Biologically impossible, Elizabeth miraculously conceives.
Miracle #6: Elizabeth’s shame is removed (Luke 1.25)
We cannot overlook the social stigma attached to barrenness in the ancient Mediterranean world. Elizabeth’s relief that her “shame” has been removed anticipates the status-elevating ministry Jesus will undertake throughout Luke’s Gospel.
Miracle #7: John in the womb recognizes Jesus in the womb (Luke 1.39-41a)
As Luke tells the story, there is no reason Elizabeth would yet know of Mary’s pregnancy. Mary’s virginal conception out of wedlock was both recent and nothing she would widely have broadcast. Likely, Mary was coming to Elizabeth to share the news. Before she has the opportunity, however, Elizabeth’s unborn child not only recognizes that Mary is pregnant but reveals the undisclosed identity of Mary’s child.
Miracle #8: Elizabeth Prophesies (Luke 1.41b-45)
A typical formula in Luke and Acts, when the Holy Spirit appears the next activity is inspired speech. By this, Luke tells us that the words spoken are not from a particular character, but are God’s own authoritative voice.
Miracle #9: Elizabeth names her child (Luke 1.57-63)
It may seem a small matter to us, but in a reversal of gender responsibilities it is Elizabeth and not Zechariah who names John. As Luke tells the story, it seems that Zechariah has not communicated John’s name to his wife (which is why the people all “marvel” when Zechariah confirms John’s name in 1.63). Again, this reversal of status is typical of Luke’s elevation of women throughout his Gospel and Acts.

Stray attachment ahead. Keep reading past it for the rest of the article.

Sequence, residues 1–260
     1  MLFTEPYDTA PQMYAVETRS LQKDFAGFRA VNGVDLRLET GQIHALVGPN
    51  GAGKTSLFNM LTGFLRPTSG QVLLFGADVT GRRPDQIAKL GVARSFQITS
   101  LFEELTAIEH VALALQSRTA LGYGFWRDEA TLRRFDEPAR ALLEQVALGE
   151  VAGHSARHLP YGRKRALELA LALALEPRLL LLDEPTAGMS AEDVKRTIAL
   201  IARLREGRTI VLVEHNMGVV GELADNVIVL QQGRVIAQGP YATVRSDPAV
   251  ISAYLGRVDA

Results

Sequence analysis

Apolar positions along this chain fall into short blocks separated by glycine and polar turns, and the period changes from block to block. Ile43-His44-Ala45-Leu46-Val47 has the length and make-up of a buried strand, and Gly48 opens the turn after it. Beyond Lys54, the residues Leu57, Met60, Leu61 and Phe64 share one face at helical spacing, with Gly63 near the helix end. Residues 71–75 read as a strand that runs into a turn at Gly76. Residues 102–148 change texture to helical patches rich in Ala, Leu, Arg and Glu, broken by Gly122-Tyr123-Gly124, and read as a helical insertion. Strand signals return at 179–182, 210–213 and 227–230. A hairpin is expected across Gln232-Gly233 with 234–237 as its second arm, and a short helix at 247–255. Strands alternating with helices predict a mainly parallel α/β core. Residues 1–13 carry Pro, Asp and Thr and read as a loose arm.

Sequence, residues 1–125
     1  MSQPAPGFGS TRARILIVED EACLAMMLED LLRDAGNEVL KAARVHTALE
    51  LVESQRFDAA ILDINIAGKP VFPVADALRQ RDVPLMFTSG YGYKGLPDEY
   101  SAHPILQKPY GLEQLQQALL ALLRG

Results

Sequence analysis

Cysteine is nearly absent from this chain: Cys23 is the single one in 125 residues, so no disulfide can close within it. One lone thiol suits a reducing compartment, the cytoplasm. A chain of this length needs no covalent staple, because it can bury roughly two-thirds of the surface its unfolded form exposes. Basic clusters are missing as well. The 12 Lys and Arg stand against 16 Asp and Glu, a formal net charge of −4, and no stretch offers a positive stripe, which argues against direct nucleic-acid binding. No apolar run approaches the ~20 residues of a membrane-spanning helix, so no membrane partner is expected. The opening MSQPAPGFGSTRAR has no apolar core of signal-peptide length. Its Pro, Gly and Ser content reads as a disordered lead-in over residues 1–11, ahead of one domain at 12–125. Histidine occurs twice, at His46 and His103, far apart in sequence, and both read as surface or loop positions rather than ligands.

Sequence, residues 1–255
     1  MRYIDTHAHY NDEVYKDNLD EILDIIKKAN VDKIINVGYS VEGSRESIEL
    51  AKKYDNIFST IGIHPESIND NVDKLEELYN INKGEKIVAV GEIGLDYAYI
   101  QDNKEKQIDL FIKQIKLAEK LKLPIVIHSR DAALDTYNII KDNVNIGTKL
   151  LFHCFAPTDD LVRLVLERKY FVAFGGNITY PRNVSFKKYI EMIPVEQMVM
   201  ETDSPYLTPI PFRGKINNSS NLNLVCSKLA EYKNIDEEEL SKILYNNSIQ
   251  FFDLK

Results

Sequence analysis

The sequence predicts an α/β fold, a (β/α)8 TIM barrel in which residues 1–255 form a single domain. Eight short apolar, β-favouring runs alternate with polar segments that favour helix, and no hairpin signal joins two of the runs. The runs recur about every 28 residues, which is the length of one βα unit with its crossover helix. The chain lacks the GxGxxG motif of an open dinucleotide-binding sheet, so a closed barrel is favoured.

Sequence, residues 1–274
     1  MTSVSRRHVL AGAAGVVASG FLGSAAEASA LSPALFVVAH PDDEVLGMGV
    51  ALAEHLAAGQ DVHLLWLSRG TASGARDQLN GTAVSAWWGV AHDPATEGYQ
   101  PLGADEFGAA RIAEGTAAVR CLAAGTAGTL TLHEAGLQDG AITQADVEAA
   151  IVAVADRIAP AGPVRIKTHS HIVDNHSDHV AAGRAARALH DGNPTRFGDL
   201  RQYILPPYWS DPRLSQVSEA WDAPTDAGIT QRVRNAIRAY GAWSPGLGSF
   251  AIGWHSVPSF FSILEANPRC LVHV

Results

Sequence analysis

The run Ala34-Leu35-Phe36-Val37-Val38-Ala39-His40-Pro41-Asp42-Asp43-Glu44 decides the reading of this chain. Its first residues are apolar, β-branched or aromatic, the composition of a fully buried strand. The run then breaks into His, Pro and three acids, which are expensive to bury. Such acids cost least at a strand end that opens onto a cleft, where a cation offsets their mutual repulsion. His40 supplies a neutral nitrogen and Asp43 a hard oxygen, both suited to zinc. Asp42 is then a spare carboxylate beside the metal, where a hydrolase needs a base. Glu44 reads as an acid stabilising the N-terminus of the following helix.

Miracle #10: Zechariah regains his speech (Luke 1.64-66)
As the angel predicted, Zechariah regains his speech at the time of the promise’s fulfilment. Significantly, Zechariah’s first speech-act is to “bless” – the very obligation he was prevented from completing when exiting the sanctuary.
Miracle #11: Zechariah prophesies (Luke 1.67)
Once again, the Holy Spirit appears followed by inspired speech.
Near the end of his inspired speech, Zechariah identifies part of God’s plan “to shine on those living in darkness.” By itself, this may seem insignificant. But as Luke develops his story through the Gospel and Acts, we see God’s plan unfold as a ministry inclusive of all peoples – including, specifically, gentiles. Luke’s similar use of “light” language elsewhere draws from Isaiah 49.6: “I will also make you a light for the Gentiles, that my salvation may reach to the ends of the earth.” In Zechariah’s prayer, we have one of the earliest hints of the miraculous mission yet to be disclosed. (See Simeon’s prophetic prayer in Luke 2.32; Paul and Barnabas in Acts 13.47).
It is fitting that this last Advent miracle focuses on light, because that is how Advent finally leads to Christmas: The final candle to light is the white candle, often representing Christ as the light of the world.
As you prepare for Christmas this Advent, I pray you, too, will know Christ as the light of the world, and that your anticipation of Christmas will be filled with the hope, peace, love, and joy that mark this season.